Condition (1), which requires that the engine speed Ne shall not exceed a predetermined revolution speed, is provided to implement the fast idle operation even if the engine speed is in an operating region slightly higher than the normal idle revolution speed, that is, even if the engine speed is in a small load region. Conditions (2) and (4) are each a condition for inhibiting a fast idle operation at very low temperatures, which are regarded as an operating condition with increased frictions. Condition (3) is a condition showing a cold start. The first and third predetermined temperatures are lower than the second predetermined temperature.

If such conditions for fast idle execution are satisfied, the flow of the routine goes on to a step S300 at which intake valve closing control in a first mode is executed before the execution of this routine is ended. If the such conditions for fast idle execution are not satisfied, on the other hand, the flow of the routine goes on to a step S400 at which intake valve closing control in a second mode is executed before the execution of this routine is ended. It should be noted that, if the conditions for fast idle execution are satisfied, ignition timing retarding control is executed as will be described later. In addition, in the first mode, a target intake valve closing position is set to increase an intake airflow rate so that combustion stability is improved. In the second mode, on the other hand, during a period beginning at a start of the engine and ending at a time the conditions for fast idle execution are satisfied, control is executed to retard the intake valve 32 so that a desired negative pressure is developed in a brake tank. In an operating state following completion of an operation to heat the catalyst at an early time, the normal intake valve closing position control proper for the operating state is executed. The first and second modes will be explained later in detail by referring to subroutines shown in FIGS. 29 and 30 respectively.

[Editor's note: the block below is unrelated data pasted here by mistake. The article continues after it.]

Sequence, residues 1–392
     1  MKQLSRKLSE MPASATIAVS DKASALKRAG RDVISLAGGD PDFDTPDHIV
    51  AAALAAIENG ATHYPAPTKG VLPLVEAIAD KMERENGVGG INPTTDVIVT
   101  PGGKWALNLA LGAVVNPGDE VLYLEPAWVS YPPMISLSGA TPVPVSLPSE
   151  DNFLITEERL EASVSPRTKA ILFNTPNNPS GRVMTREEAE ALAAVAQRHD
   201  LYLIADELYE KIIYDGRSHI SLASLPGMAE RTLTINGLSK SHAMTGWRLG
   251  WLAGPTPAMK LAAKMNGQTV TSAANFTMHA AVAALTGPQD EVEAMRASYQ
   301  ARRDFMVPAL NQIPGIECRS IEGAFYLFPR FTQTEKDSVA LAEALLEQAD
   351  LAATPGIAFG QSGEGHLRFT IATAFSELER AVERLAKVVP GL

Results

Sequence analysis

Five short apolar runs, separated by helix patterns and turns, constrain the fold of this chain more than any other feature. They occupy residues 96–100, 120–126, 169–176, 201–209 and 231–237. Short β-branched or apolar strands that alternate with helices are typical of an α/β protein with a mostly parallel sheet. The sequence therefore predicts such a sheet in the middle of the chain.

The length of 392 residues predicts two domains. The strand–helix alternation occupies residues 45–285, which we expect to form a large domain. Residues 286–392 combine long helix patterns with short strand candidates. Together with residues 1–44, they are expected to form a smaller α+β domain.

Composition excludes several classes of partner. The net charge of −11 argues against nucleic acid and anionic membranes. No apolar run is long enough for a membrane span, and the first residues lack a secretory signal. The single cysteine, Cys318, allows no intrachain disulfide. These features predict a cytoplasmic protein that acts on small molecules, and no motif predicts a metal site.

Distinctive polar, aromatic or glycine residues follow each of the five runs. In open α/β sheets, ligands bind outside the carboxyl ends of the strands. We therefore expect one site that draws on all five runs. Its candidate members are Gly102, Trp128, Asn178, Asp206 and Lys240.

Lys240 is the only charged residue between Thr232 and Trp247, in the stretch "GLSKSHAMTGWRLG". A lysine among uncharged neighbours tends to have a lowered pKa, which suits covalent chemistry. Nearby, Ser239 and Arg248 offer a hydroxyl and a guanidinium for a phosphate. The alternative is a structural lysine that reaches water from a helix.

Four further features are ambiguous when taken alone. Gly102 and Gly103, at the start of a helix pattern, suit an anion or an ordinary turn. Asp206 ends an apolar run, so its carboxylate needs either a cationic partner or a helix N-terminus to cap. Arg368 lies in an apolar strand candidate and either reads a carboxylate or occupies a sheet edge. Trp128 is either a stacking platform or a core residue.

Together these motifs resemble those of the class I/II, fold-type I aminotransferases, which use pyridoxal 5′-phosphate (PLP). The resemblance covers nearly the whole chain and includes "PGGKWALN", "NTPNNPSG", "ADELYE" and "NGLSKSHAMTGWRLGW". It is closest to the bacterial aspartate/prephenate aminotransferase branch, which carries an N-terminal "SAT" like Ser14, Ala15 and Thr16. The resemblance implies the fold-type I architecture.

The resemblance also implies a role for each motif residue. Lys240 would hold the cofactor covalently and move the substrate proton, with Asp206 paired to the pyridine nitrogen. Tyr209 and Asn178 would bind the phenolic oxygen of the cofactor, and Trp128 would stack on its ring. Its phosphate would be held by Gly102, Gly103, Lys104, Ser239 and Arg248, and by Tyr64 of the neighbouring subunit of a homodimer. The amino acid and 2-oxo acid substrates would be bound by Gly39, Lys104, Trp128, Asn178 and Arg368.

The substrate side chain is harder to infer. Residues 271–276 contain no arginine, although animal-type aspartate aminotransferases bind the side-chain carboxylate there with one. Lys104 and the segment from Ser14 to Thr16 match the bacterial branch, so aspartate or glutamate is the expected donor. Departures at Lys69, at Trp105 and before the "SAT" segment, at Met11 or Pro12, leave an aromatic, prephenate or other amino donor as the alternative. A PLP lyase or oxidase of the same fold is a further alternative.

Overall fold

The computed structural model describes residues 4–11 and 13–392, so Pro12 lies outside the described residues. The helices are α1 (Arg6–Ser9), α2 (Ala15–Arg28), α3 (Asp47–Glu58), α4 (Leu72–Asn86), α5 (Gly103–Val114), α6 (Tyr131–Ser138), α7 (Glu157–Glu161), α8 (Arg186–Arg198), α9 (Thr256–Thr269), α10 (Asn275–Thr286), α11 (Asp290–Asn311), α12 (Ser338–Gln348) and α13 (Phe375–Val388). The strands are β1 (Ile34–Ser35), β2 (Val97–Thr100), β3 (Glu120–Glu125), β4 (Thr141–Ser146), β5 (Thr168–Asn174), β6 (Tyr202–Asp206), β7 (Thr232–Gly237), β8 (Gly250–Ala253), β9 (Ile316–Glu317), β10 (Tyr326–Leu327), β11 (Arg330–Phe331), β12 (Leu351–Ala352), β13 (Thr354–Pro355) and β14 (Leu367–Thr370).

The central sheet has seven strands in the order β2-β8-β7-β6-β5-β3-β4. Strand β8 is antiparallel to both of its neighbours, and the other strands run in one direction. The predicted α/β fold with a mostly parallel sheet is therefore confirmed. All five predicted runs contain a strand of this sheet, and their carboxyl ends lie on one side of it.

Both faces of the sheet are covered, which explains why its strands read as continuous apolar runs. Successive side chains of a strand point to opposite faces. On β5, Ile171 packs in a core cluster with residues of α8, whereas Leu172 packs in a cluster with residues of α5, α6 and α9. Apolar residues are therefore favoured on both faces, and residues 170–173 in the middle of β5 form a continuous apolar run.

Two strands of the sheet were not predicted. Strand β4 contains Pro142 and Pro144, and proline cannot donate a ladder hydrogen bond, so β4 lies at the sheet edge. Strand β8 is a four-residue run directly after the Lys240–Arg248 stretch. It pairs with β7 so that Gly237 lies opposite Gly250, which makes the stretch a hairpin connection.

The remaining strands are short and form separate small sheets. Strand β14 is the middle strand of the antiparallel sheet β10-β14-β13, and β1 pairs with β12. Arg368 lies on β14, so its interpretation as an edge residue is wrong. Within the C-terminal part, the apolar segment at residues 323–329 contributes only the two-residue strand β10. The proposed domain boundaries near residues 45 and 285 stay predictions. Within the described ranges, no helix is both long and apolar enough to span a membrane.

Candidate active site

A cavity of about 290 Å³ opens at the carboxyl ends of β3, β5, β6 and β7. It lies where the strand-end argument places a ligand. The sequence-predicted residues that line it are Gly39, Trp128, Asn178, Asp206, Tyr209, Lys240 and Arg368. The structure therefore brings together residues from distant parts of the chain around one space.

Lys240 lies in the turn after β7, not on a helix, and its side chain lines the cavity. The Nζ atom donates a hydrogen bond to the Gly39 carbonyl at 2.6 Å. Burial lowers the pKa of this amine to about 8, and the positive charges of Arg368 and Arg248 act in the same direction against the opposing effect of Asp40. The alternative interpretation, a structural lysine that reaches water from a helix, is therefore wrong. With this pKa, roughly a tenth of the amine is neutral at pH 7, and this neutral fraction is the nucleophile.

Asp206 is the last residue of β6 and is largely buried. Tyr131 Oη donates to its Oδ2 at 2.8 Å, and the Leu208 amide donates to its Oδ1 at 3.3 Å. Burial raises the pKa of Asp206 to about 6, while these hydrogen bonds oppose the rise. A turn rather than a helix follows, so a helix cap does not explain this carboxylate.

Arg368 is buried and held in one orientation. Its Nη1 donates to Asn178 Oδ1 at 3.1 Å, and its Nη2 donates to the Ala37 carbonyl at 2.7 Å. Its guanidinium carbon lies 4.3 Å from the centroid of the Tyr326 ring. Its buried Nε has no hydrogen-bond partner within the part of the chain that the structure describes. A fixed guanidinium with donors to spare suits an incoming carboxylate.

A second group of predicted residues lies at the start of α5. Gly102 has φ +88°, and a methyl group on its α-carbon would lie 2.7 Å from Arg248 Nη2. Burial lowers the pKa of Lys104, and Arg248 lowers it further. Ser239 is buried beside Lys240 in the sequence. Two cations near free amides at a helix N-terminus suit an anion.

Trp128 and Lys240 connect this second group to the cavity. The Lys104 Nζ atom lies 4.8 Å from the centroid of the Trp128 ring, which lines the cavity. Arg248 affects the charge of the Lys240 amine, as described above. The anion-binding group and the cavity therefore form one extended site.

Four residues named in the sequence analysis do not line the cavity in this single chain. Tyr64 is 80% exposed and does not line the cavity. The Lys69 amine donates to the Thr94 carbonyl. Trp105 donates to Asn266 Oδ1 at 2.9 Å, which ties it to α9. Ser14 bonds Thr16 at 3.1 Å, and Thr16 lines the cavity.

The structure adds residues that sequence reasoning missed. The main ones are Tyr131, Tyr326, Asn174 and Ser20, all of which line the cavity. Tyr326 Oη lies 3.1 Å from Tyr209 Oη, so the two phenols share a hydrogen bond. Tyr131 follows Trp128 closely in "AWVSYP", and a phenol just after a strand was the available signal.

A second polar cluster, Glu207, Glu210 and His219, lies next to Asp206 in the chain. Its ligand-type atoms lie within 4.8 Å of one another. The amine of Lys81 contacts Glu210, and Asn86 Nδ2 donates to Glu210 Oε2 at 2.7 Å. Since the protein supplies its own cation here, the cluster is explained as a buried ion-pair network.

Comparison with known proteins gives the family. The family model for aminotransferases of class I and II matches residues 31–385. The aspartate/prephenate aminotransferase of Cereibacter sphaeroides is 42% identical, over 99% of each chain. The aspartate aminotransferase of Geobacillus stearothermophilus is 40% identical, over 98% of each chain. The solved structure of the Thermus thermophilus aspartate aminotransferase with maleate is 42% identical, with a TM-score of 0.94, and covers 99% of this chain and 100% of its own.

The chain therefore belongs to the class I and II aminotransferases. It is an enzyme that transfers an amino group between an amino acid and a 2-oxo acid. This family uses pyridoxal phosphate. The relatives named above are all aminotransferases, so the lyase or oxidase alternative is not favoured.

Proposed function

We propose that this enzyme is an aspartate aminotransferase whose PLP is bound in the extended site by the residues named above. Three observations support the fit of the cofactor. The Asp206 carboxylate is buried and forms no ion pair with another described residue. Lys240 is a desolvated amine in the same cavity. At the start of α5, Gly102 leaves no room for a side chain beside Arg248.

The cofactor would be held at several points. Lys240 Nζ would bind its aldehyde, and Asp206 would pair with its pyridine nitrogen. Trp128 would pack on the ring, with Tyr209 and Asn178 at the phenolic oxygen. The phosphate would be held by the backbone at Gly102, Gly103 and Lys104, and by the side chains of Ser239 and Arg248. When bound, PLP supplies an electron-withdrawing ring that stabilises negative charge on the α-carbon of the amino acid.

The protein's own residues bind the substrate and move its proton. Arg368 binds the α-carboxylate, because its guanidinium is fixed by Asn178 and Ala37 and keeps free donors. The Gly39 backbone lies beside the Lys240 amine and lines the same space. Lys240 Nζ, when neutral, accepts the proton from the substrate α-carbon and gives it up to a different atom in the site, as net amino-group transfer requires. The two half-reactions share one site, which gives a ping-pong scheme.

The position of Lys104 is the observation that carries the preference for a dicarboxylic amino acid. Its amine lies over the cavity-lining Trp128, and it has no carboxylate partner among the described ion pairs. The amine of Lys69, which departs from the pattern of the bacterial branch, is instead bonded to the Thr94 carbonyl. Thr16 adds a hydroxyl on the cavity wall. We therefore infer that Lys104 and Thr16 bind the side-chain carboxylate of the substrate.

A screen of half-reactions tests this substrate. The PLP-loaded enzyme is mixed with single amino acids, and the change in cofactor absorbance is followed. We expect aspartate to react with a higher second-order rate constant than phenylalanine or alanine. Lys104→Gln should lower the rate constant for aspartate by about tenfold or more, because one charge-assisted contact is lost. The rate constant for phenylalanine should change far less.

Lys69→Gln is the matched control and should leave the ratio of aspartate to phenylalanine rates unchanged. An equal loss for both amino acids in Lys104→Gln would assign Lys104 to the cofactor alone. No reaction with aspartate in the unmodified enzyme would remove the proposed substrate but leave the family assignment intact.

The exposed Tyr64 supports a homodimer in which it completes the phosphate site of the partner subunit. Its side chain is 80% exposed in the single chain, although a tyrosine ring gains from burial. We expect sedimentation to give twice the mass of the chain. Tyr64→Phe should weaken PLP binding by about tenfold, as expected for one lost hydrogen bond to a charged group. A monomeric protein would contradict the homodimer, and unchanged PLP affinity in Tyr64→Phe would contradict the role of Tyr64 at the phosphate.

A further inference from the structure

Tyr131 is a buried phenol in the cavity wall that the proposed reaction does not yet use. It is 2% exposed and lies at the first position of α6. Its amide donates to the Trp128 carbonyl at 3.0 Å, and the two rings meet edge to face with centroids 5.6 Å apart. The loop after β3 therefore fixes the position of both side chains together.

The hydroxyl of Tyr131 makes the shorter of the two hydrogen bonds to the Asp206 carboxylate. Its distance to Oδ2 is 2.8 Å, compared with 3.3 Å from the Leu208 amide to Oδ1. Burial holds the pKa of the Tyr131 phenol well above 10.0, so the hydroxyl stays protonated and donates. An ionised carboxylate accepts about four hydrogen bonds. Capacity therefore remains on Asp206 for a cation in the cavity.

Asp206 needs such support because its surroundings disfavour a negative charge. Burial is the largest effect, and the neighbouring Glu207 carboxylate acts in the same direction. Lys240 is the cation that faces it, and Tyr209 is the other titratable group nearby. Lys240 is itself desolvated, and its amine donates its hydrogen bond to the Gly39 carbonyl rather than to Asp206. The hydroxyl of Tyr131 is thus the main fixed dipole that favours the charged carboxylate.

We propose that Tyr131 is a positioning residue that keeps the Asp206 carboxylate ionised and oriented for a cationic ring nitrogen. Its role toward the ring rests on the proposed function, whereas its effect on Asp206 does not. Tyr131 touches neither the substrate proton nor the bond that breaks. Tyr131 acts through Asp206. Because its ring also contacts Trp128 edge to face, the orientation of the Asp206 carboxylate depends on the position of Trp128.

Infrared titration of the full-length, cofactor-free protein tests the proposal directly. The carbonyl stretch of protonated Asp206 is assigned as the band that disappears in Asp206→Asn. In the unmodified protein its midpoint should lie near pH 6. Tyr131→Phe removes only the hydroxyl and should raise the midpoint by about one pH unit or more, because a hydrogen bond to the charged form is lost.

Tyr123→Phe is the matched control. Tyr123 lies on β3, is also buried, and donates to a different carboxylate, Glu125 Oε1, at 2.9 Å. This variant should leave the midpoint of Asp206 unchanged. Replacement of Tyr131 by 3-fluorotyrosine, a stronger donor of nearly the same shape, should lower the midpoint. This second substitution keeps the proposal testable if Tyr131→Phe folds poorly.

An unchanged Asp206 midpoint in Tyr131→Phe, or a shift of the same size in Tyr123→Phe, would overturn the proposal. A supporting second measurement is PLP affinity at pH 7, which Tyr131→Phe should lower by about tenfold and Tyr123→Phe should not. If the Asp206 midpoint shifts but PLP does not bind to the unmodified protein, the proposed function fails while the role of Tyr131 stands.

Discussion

Next, an air-fuel ratio control program provided by this embodiment is explained by referring to a flowchart shown in FIG. 27. This program is invoked synchronously with the revolution of the crank shaft 51 at typically 180 CA intervals. The flowchart begins with a step S501 to determine whether the internal combustion engine has been started, that is, whether an engine speed Ne computed by the ECU 33 has exceeded typically 400 rpm. If the determination result indicates that the engine speed Ne has not exceeded 400 rpm, this program is not executed but just ended. If the engine speed Ne has exceeded 400 rpm, on the other hand, the flow of the program goes on to a step S502 to input operating conditions such as an engine cooling water temperature Thw, an engine speed Ne and an intake pressure Pm. As an alternative, an intake airflow sensor is provided to be used as a means for detecting an intake airflow volume Ga in place of an intake pressure Pm.